The 12th Annual New York Indian Film Festival (NYIFF), presented by the Indo-American Arts Council (IAAC), runs this Wednesday, 23 May, through Sunday, 27 May, at the Tribeca Cinemas in Lower Manhattan. The festival will feature over 30 films, shorts, and documentaries.
“NYIFF is a once-a-year opportunity to experience the rich and diverse film cultures of the Indian subcontinent through a mix of film screenings, discussions, industry panels, nightly parties, an awards ceremony, and gala red carpet events,” says Aseem Chhabra, film journalist, board member of the South Asian Journalists Association, and Programming Director of NYIFF. “We encourage filmmakers to submit their movies to one of the few Indian film festivals in the country to attract such large mainstream and South Asian audiences.”s led not only to a wider range of films, but to new partnerships and inroads to American audiences.”
There are a handful of films that I want to call to your attention:
Transgenders: Pakistan's Open Secret
Directed by Sharmeen Obaid- Chinoy
Pakistan 2011. 54 mins. Urdu, English (with English subtitles)
Many among Pakistan's transgender community scrape a living through dancing, singing and begging on the streets of Karachi. Others earn money catering for the sexual needs of men. Thrown out by their families, they find their way to the tougher parts of the city where, hidden from the conservative mainstream, groups of outcast transgenders have created a secret world of their own.
Directed By Daniel Junge AND Sharmeen Obaid- Chinoy
Pakistan 2012. 40 mins. Urdu (with English subtitles)
Winner 2012 Oscar for Best Documentary Short
Every year in Pakistan, many people are victimized by brutal acid attacks. The majority of these are women, and many MORE cases go unreported. With little or no access to reconstructive surgery, survivors are physically and emotionally scarred, while many reported assailants – typically a husband or someone close to the victim – are let go with minimal punishment from the state. Saving Face tells the stories of two acid- attack survivors: Zakia and Rukhsana, their arduous attempts to bringtheir assailants to justice, and the charitable work of London-based, Pakistani-born plastic surgeon Dr. Mohammad Jawad, who strives to help these women put this horrific act behind them and move on with their lives. Saving Face is an intimate look inside Pakistani society, illuminating each women's personal journey while showing how reformers are tackling this vexing problem.Saving Face is the 2012 Academy Award Winner for Documentary (Short)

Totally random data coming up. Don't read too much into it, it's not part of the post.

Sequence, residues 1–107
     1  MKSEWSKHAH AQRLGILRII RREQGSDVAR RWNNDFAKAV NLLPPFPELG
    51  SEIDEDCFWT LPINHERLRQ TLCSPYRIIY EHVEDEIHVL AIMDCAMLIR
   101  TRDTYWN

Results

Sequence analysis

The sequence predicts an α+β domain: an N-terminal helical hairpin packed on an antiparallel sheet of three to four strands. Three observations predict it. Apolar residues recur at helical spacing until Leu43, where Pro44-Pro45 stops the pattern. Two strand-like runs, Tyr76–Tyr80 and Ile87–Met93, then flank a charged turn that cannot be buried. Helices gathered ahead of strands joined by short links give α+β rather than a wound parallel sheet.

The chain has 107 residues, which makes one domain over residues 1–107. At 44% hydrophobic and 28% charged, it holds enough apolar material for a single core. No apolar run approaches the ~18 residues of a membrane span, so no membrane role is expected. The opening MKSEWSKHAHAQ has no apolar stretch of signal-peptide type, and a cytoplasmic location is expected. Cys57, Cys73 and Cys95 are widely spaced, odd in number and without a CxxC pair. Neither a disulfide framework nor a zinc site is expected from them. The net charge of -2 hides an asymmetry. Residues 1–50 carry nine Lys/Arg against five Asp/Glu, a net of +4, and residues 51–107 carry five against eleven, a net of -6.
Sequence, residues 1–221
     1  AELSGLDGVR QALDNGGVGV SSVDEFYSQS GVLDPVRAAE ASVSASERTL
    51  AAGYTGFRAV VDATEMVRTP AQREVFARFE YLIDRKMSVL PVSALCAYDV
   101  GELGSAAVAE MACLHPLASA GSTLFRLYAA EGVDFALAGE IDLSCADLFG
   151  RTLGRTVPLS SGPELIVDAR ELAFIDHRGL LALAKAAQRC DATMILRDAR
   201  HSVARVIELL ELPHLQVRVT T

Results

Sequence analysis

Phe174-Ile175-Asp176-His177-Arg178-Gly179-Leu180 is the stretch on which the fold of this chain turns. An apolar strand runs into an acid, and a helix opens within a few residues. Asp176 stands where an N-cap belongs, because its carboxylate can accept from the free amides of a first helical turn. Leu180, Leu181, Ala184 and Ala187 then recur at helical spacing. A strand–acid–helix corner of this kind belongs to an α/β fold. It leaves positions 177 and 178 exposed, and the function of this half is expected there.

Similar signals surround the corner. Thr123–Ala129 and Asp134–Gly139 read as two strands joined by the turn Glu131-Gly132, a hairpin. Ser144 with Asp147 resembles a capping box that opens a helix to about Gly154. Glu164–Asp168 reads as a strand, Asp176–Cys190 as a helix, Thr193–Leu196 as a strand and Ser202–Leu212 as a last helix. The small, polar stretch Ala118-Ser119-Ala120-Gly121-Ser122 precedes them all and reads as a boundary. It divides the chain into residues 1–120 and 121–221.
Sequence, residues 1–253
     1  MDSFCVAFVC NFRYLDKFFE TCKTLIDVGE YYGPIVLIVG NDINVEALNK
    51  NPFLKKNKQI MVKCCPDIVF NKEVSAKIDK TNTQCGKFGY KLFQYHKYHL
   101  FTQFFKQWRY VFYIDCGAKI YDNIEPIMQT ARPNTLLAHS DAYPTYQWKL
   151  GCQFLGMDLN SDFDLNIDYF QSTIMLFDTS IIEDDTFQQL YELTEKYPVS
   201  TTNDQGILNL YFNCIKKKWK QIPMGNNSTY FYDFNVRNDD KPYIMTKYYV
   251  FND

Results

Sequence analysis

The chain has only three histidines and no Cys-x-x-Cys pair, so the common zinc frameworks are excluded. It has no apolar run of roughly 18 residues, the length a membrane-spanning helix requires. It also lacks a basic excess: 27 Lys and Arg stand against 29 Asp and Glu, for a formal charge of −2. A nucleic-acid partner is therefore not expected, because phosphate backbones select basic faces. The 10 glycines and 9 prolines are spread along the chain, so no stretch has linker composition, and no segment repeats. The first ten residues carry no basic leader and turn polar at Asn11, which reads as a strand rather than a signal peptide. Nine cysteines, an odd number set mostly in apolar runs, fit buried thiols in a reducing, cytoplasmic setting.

Pardoner’s Tale by Himkar Tak
Directed by: Himkar Tak
Cast: Skyler Pinkerton, David Lavine, Paul Coughlan
USA. 2012. 13 minutes. English
Chaucer nerds rejoice!!! This film is a modern adaptation of Geoffrey Chaucer's tale, told differently: when three New York attorneys win a high profile case they encounter a number of the seven deadly sins.
Directed by Vikram Gandhi
USA 2011. 84 mins. English
Cast: Purva Bedi, Kristen Calgaro and Vikram Gandhi
Winner Audience Award for Best Documentary 2011 SXSW Film Festival
American filmmaker (and self-proclaimed religious skeptic) Vikram Gandhi transforms himself, Method-style, into a wise Indian guru named Kumaré, hoping to prove the absurdity of blind faith. Instead, he finds himself forging profound connections with his disciples — and wondering if and when to reveal his true self.
For more information about the 2012 New York Indian Film Festival, please visit the NYIFF's website.
About the Indo-American Arts Council: The Indo-American Arts Council is a registered not-for-profit arts organization passionately dedicated to showcasing, building awareness, and celebrating artists of Indian origin in the performing, visual and literary arts. Annual festivals of art, dance, play writing and film are scheduled through the year, with several special events and book launches. For further information please visit www.iaac.us. NYIFF was born in the aftermath of 9/11 in response to Mayor Giuliani’s call to New Yorkers to help rebuild a limping city. The First Annual film Festival opened its doors with Film Diaspora Godfather Ismail Merchant and closed with New York’s favorite Indian filmmaker Mira Nair.